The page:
Cutting the Gordian Knot of Technological Unemployment with Unconditional Basic Income
Scott Santens
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Here is the problem with furthering the idea of UBI. . . .

UBI proponents always focus on educating people on why this restructuring makes sense and will be effective, instead of addressing the real issue which is how to get businesses and the people in positions of power to agree to effectively give workers the ability to walk away.

You don’t need to sell this idea to wage slaves, you need to figure out a way to implement it in a society where those making the decisions would agree when they have the most to lose.

We already have a governing system which protects businesses, while ignoring the will of the people. Millions of citizens demand healthcare, and expanding Medicaid makes sense, but we, the people, are blocked because it benefits 1/6th of the economy to keep us in an unworkable health care system. It doesn’t matter that millions suffer, even die, in order to prevent a few hundred business from losing money. THAT is our new political reality.

Despite what we believe, the people are not in power. Government does not serve society’s best interests.

Even if we all agree that we should do this, it will not be implemented. This is the true opposition to UBI — not that people don’t get it.

There are very few workers who are not experiencing the pain of technological unemployment. From mid-managers unable to find positions making half what they did a decade ago, to indebted Millennials searching for a decent paying starter job, and everyone in between, we all FEEL it. Whether we understand the dynamic, everyone knows there are not enough jobs, and therefore people are not earning a living wage, while more and more of the financial resources are concentrated at the top.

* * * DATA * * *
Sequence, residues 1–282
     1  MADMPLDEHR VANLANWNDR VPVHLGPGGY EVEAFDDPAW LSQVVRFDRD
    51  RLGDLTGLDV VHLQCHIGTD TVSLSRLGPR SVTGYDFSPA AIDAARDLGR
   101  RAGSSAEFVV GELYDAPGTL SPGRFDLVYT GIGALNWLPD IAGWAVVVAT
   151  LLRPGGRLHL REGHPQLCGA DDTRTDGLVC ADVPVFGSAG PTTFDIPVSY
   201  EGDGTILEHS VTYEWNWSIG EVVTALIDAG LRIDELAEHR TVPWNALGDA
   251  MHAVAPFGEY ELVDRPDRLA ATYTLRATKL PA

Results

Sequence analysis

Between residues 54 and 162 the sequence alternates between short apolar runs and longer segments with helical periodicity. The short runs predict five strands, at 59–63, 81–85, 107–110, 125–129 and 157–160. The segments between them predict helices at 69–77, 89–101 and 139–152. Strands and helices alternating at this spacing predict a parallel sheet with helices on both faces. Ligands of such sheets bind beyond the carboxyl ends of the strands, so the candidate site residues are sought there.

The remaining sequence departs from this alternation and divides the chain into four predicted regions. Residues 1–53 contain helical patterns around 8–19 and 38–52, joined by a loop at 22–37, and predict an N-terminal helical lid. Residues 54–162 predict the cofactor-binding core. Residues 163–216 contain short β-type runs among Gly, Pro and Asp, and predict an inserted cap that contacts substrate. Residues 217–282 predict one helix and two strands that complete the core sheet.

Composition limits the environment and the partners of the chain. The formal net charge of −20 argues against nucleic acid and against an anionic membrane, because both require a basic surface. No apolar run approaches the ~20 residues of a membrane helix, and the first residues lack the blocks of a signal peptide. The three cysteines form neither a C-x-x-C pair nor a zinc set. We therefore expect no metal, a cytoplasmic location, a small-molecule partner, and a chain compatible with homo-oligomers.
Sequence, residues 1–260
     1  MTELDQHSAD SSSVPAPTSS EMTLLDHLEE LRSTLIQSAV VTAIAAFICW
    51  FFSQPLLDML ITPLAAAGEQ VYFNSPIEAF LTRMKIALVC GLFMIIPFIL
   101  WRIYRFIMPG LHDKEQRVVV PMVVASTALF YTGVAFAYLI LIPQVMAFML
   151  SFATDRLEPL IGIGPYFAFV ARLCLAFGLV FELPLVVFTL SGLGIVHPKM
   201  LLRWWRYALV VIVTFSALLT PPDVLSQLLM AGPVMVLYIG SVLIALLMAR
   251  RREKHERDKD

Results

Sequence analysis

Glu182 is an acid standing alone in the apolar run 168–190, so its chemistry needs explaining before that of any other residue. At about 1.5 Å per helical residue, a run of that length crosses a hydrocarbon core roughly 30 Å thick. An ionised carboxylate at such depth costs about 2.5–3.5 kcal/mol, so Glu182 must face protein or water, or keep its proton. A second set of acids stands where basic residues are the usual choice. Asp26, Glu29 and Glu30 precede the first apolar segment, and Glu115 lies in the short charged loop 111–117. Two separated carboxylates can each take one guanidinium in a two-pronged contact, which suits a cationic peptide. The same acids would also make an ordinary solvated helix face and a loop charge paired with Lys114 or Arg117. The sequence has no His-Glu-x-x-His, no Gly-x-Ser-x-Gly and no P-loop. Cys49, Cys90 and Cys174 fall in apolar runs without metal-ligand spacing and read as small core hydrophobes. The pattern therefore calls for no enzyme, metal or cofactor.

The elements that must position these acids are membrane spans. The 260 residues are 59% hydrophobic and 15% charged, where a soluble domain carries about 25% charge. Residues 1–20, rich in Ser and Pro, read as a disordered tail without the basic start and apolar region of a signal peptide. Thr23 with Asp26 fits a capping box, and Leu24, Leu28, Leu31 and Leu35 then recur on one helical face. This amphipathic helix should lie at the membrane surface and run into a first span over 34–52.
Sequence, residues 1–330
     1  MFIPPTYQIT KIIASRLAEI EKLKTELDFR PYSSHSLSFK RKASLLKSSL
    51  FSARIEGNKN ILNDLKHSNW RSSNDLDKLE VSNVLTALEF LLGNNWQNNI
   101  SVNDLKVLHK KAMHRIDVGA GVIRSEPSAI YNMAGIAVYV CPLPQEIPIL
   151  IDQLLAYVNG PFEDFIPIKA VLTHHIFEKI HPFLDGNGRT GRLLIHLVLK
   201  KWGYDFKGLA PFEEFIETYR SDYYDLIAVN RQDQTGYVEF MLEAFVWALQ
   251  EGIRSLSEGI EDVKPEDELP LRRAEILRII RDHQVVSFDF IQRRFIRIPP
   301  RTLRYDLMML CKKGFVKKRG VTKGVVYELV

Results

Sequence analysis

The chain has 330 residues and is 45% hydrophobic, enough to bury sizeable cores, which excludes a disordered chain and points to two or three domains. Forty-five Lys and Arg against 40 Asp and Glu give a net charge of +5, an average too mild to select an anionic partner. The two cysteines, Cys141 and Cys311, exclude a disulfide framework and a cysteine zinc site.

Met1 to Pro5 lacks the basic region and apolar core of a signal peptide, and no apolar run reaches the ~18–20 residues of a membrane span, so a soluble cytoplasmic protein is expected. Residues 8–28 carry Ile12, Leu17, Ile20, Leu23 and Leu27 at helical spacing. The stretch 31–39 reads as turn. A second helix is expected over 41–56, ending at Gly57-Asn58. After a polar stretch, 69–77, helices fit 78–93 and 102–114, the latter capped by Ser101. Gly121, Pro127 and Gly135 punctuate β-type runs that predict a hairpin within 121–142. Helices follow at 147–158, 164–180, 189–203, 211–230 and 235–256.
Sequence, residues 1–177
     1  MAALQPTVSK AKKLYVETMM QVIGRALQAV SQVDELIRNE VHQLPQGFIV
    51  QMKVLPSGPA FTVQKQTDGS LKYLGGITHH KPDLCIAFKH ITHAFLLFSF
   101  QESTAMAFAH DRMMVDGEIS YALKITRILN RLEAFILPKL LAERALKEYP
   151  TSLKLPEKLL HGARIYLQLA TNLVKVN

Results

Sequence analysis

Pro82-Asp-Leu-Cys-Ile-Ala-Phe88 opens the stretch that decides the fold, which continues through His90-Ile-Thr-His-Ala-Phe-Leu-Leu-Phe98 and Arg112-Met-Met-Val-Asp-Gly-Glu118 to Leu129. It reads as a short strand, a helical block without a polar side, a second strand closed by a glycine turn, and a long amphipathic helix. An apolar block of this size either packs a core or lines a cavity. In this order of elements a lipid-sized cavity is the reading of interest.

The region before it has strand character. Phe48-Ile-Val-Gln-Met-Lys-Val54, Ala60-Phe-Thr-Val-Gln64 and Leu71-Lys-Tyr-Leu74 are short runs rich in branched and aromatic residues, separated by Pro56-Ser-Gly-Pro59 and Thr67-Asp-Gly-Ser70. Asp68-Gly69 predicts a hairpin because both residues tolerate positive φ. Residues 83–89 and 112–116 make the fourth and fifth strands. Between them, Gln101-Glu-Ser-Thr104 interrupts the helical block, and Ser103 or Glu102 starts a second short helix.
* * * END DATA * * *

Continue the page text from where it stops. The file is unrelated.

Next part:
You may be defining the dynamic, but you are preaching to the choir.

The solution must begin by drastically shortening the work week. This will create more jobs in the interim, but more importantly will begin to introduce the idea to the public that we are able to modify the structure of work in society.

Then we must overhaul our political system and this could take a generation. Meanwhile, people become poorer, employers take greater advantage of a skilled labor pool desperate for work, the wealth that businesses generate is used to automate more jobs out of existence. More power and resources are concentrated at the top, and the noose tightens.

UBI is 100% a political problem and short of a revolution, I don’t see it being voluntarily implemented, unless it is violently imposed.